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According to the Community Transportation Association, "More than one-third of America's population lives outside of urbanized areas. Nearly 40 percent of the country's transit dependent population -- primarily senior citizens, persons with disabilities and low-income individuals -- resides in rural areas. Yet in many of these communities, public and community transportation are limited or absent."
Taking the First Step: Gauging Potential Transit Markets
Chances are that your community already has some type of transit service in place, whether it's a federally-funded public transit system, a church-sponsored volunteer driver program, shuttle buses run by retirement communities, or vans operated by human service agencies. These services may be working pretty well as is, but your community can probably get more mileage out of them by figuring out ways to coordinate routes and leverage resources.
Below are a few questions and ideas you could explore just to begin conversations about your community's potential markets for new or expanded transit services. This isn't a full-fledged needs assessment by any means, but it might help you form a base of information and find some champions who can launch a real planning process with assistance from the U.S. DOT Rural Transit Technical Assistance Program (RTAP).
1. Is a growing percentage of your population disabled and/or moving into its golden years?
One in five rural Americans is disabled, and 14 percent of the country's rural population is elderly. Rural older adults (and their families) worry about how they will manage if they become unable to drive. Few families have the time or money required to chauffer their aging parents and relatives to all the places they need or want to go. Moreover, without other transportation options, older adults can deteriorate quickly due to isolation, depression, and health problems that are exacerbated by difficulty getting to places like grocery stores and medical appointments.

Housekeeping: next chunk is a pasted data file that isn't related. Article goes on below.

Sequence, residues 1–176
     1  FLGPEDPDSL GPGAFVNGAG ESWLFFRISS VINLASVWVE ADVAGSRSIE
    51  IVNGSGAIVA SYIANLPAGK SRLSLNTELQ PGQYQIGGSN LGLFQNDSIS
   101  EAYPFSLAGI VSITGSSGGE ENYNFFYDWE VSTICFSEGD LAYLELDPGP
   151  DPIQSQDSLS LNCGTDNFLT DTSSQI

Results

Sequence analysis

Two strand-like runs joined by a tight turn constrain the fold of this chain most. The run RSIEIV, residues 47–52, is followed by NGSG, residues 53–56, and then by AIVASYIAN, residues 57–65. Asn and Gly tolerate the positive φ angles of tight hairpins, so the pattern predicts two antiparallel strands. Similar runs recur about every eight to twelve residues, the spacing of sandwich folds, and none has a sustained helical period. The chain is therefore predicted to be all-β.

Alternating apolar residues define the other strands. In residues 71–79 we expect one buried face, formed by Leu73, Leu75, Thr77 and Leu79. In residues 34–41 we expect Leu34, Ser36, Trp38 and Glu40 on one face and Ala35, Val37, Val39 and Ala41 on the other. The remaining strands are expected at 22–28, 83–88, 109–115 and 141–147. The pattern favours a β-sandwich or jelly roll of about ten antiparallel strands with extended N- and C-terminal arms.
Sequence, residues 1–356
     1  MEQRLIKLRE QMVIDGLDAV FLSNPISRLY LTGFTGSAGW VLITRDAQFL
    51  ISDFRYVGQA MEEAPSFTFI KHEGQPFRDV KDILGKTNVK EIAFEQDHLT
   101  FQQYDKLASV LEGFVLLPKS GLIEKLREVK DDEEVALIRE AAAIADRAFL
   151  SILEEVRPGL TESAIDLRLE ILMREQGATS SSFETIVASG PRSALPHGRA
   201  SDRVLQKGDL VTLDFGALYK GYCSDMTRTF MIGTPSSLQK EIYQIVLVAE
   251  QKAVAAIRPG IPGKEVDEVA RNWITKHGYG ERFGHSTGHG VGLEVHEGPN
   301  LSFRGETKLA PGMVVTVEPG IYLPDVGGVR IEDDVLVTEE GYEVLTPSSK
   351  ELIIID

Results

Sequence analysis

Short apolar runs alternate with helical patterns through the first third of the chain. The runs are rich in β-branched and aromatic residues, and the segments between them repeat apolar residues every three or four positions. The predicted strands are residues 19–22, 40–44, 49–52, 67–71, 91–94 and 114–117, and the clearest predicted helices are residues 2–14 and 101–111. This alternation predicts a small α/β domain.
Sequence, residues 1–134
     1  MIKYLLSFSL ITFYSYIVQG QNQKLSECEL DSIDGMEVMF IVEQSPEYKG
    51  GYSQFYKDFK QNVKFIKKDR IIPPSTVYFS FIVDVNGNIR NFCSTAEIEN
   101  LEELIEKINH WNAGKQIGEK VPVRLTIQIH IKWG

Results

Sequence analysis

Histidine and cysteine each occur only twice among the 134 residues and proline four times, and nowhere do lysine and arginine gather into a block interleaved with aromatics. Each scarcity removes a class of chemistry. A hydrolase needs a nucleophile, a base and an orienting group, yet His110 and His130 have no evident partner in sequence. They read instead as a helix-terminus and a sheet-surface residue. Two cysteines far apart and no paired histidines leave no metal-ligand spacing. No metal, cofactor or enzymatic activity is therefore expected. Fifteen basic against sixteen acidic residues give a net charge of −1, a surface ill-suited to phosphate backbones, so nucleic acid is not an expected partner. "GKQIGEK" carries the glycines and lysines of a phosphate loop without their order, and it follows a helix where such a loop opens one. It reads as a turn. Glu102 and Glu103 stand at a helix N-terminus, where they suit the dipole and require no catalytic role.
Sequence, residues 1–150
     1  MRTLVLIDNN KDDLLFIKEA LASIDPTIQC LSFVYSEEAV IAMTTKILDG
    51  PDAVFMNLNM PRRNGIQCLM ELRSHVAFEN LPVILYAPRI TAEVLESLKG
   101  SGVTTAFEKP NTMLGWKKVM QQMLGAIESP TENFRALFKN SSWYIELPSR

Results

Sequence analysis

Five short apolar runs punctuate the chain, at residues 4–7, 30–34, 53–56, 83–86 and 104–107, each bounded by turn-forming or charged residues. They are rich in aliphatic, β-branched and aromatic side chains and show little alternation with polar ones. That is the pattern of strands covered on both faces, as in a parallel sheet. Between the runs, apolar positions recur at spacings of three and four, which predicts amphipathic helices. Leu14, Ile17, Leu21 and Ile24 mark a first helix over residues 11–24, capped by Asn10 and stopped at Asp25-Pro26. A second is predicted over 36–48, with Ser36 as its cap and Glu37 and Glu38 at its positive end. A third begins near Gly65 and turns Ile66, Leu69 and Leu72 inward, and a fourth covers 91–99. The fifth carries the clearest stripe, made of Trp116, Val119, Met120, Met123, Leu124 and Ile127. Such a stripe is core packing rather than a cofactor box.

2. What is the transportation status of your community's low-income households and those who are unemployed?
Many low-income people in rural areas have trouble getting or holding onto jobs because they don't have adequate, reliable transportation to get to work. Nearly 57 percent of the rural poor do not own a car. This equates to about one in every 14 households in rural America.
You can't phone in for jobs like bagging groceries, cleaning hotels, and waiting tables. If your car breaks down or your ride fails to show up on a regular basis, your employer will have to look for someone to take your place (the resulting employee turnover is hard on businesses, too). What's more, as fuel prices rise, those who can drive need to spend a far greater percentage of their small paycheck on gas than people who live closer to work and/or have higher-paying jobs. ...
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Hannah Twaddell is President and founder of Twaddell Associates, LLC, a consulting practice specializing in community planning, public engagement, facilitation, and education. Based in Charlottesville, Virginia, the firm provides planning, facilitation, and educational services to communities, government agencies, and private organizations across the U.S.
Before setting up Twaddell Associates, Hannah was a Senior Transportation Planner with Renaissance Planning Group, where she has worked on transportation planning and public involvement projects in several states. Prior to that, she served as Assistant Director of the Thomas Jefferson Planning District Commission (in Charlottesville) and as chief staff to the Charlottesville-Albemarle Metropolitan Planning Organization.